The Second Clock



The second Clock shows also the Moon. Sun and Moon are moving in the Ecliptic. In reality the Moon can be up to 5 degrees above and below the ecliptic. The place where the Moon crosses the ecliptic is called a lunar node . The lunar nodes are the points where the Moon crosses the ecliptic (which is the apparent path of the Sun across the heavens, against the background stars). The ascending node is where the moon crosses to the north of the ecliptic. The descending node is where it crosses to the south. The Sky is moving in 23h 56m 3.934428s, should be 23h 56m 4.0905s. (Difference daily 0.156072s)
In this clock the Synodic Moon moves in mean time. (24h 50m 28,3783776s)
should be 24h 50m 28.3286526s. (Difference daily 0.049725s) The disc of the Sun covers the difference between mean and real Sun.
Because the Moon moves in a elliptical path around the earth, the time it takes is always different. 
The length of the mean synodic month (New Moon to New Moon) is 29.530588 days (=29d12h44m03s). (But the length of the synodic month can vary from 29.26 to 29.80 days due to perturbing effects of the Sun on the Moon's eccentric orbit)
At the photo it is almost full Moon. The month is September. Every day the Sun will be a little lower above the horizon. In fact there is a lot more to see!






 Photos of the wheel trains





These nice 3D computer drawings are made by Peter Held, thank you for the contribution Peter!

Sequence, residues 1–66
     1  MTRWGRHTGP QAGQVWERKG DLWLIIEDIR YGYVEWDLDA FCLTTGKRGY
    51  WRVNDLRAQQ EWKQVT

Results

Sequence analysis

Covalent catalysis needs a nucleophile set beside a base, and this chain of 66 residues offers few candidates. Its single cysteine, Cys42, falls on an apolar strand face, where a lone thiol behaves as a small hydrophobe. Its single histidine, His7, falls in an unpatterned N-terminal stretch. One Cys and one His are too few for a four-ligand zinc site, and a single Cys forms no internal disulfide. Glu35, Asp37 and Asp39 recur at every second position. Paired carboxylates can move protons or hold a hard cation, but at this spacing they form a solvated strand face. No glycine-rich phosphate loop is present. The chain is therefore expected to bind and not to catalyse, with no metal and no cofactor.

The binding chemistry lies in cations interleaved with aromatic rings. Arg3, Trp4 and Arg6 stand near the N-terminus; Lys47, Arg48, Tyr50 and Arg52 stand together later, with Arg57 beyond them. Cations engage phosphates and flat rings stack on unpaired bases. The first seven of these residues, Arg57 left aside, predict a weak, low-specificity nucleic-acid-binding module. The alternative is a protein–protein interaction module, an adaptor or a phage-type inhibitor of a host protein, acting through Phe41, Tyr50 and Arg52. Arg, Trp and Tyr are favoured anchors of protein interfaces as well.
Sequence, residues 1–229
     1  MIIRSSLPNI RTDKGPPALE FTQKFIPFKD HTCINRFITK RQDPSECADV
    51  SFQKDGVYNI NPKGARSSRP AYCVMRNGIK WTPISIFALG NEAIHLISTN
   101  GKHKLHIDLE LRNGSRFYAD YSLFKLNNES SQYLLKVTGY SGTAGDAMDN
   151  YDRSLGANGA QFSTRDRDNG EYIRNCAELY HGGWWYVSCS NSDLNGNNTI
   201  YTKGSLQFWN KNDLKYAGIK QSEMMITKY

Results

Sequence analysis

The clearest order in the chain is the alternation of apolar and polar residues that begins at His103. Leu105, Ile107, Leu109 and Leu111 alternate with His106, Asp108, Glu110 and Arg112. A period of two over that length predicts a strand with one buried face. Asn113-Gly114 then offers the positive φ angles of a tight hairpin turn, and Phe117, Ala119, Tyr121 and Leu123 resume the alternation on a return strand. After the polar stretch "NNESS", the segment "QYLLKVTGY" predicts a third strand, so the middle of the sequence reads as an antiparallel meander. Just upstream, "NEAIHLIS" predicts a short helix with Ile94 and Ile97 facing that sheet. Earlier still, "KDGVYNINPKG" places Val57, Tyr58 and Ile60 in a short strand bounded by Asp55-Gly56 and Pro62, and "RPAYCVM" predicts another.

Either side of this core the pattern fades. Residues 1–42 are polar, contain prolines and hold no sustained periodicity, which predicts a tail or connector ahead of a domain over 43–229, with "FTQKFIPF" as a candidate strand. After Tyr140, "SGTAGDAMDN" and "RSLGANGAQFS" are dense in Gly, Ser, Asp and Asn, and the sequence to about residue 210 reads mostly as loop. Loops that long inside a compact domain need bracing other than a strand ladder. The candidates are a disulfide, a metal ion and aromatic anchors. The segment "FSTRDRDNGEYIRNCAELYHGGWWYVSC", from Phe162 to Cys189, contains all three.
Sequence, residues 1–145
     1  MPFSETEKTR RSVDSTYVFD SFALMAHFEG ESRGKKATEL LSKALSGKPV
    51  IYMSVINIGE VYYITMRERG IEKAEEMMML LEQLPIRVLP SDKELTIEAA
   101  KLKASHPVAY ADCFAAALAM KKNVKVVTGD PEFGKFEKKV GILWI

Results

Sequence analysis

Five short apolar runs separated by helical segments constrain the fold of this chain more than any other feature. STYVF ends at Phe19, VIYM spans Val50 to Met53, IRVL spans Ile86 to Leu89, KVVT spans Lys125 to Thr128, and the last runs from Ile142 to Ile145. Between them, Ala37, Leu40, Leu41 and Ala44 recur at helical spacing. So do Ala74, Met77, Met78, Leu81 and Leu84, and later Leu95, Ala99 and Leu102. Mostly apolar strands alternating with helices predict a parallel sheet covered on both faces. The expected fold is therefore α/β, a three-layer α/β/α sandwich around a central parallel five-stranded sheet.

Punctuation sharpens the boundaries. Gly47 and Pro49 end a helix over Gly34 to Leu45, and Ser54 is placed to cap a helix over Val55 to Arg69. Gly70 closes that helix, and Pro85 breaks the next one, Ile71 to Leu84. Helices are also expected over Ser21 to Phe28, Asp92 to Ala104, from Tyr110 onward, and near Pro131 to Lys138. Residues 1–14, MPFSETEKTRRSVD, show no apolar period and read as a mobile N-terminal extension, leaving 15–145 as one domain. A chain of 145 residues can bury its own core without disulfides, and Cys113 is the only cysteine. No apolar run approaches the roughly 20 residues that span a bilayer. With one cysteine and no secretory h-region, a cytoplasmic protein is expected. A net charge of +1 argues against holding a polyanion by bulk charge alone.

The original first Drawings?? 


On this design from 1998 two wheels that engage the 57/59 wheels, use the same number of teeth -36-
but then they are consequently a little out of pitch when you only have a cutter with full Module like M 0.75 or M 0.8


Recently I found a better design from 2000 with the wheels (synodical Moon) 43/37 x 57/64 x 24 = 24.841216216   24h 50m 28,3783776

(In geocentric view it would have been better to place the Moon in front of the Sun)


(Many gear combinations can be found in books, others with software like -Gearfind- (Links page- Utilities/ (Bevel) gear software/ Tips))
Using Continued Fractions is also possible (Links page) 


Some years later I bought Britten's handbook and found the same gear combinations,
calculated by Ferguson 1710-1776.
  Eise Eisinga used the combination  20h x 73/61





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